“Vengeance is all about style.” A BUNRAKU review


After I finish this post, I’m going to write an email to another author about writing style and naturalism, because when it comes to books, I like naturalism. Even if the setting has fantastical elements in it, I like the language to be precise and not-particularly-metaphorical. I have a distaste for the pathetic fallacy, for settings and characters that are deliberately artificial, and for flourishes that “pull me out of the story.”

But with film it’s different. With film, I enjoy those flourishes very much, thank you.

Which brings me to BUNRAKU (Trailer | Netflix) a martial arts movie starring Josh Hartnett and Gackt. It’s very, very art designed–about as naturalistic as a movie musical–in fact, the opening fight scene deliberately, consciously begins like a big dance scene, with rows of identically-dressed men side-stepping through an arch, and a major villain strutting into the fight like a murderous Gene Kelly.

If what you want from a movie is what a producer once called “suture” (that is, a white-knuckle involvement in the dilemma of the characters), this isn’t the film for you. All the art direction, set design, colored gels, wild costumes and animated intrusions has a distancing effect; it can’t be helped. When Josh Hartnett steps into a round elevator and, instead of going straight down, it rotates down to the side with the same click you’d hear from a giant revolver, the response is That is totally fucking cool and I want that for my Sin Mansion, but it also reminds you that this is a movie.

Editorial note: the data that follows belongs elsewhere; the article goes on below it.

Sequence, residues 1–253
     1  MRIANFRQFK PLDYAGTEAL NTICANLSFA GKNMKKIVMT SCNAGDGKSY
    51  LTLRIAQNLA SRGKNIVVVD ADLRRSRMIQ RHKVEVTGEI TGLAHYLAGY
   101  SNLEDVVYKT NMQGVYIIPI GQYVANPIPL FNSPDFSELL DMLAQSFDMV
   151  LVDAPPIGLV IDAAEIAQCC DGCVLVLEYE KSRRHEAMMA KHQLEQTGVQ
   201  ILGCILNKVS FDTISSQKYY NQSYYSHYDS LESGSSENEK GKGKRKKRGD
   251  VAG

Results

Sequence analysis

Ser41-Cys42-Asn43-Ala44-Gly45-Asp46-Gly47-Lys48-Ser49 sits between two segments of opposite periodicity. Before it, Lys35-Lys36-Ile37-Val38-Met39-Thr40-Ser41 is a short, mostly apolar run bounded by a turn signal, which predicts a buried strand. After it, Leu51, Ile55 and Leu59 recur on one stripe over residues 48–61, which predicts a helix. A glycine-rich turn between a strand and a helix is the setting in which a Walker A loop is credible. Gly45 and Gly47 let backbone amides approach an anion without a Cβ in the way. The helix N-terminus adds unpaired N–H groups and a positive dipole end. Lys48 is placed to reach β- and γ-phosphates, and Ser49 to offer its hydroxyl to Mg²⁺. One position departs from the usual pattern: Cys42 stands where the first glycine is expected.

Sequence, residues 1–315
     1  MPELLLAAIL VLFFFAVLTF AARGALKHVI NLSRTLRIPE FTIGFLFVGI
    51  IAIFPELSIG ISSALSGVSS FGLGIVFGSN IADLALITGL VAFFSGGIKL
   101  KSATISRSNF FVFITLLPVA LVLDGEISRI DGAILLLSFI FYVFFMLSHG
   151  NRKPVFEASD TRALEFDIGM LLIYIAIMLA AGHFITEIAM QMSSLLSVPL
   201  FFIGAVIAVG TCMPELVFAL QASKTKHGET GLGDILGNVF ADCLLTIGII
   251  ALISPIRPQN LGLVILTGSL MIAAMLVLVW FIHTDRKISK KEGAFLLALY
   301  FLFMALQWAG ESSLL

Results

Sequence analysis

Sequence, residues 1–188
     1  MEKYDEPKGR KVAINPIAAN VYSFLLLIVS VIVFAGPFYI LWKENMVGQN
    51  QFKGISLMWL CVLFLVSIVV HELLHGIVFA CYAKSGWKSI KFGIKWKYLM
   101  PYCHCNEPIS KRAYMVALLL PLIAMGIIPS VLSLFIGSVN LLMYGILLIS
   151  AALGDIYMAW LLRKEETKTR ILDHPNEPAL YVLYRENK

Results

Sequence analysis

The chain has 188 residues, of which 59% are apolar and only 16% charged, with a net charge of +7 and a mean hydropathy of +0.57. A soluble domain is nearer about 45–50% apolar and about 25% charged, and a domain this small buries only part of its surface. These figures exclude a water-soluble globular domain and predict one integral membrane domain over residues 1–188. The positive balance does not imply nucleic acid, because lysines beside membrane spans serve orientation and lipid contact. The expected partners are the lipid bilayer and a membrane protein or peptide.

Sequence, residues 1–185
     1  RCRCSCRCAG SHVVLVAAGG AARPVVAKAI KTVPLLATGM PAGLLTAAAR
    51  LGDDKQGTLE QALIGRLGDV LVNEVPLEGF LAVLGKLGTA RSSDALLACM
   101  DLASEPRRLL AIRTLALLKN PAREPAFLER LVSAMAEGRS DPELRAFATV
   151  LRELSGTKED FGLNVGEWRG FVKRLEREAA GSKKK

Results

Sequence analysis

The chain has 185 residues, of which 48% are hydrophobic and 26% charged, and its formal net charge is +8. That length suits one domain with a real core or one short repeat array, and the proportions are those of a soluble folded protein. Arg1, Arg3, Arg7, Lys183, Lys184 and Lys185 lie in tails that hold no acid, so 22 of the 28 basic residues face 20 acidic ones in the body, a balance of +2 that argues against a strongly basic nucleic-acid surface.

It’s theatrical. And I love it.

It’s not a perfect movie; there are a few choices I would have done differently. I wish it hadn’t been rated R, for instance. But the truth is, I don’t think I could have imagined a movie like this, let along make one.

Anyway, as my wife and I were watching it, she asked me how it did in the theaters. I said that I wasn’t sure, but I didn’t think it had a theatrical release. “Of course not,” she answered. “It’s beautiful. People don’t care about beautiful movies any more.”

If you get a chance to watch it, you should.

“Bunraku”, by the way, is a kind of Japanese puppet theater. And the movie opens with an amazing puppet sequence.